Chapter 20: Linguistic Characteristics of Schizophrenia and Mania Computationally Revealed
Ekaterina Shagalov [+]
Jonathan Fine† [+]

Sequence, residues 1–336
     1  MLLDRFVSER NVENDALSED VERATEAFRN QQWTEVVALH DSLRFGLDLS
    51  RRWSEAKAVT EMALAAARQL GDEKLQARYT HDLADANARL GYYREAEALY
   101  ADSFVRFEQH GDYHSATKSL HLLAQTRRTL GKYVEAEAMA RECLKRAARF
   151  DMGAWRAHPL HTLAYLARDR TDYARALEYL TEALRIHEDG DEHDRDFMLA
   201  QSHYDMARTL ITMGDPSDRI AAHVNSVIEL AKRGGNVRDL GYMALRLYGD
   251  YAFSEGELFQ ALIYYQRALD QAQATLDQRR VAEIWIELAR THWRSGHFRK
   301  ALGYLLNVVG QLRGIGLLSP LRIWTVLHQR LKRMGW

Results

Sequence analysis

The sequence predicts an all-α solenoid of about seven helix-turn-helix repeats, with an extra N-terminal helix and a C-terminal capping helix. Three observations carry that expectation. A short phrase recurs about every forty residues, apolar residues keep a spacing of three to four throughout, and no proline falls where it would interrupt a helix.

The clinical interview is commonly used in psychiatry for diagnosis, though it is time-consuming, needs special training, and multiple sources of information. Recently computerized analysis of speech offers objective means for evaluating symptoms in schizophrenia. Cohen writes: "Accurate measurement of negative symptoms is crucial for understanding and treating schizophrenia. However, current measurement strategies are reliant on subjective symptom rating scales, which often have psychometric and practical limitations. Computerized analysis of patients’ speech offers a sophisticated and objective means of evaluating negative symptoms" (2007: 827). Specific to schizophrenia, machine learning techniques have been used in the study of patients’ writings (Strous et al. 2008). With large within group differences, there is no one language characteristic that distinguishes speakers with schizophrenia and mania. However, this study has found that combinations of features and possible correlations among the features separated the diagnostic groups, characterizing the disorders. Transcripts of subjects with schizophrenia (six transcripts) and mania (four transcripts) were digitalized to compose two sub-corpora. The texts were annotated and analyzed (UAM Corpus Tool, O’Donnell 2008) for syntactic complexity, amount of talk, dysfluencies, type-token ratio, lexical similarity, and word frequency among other variables.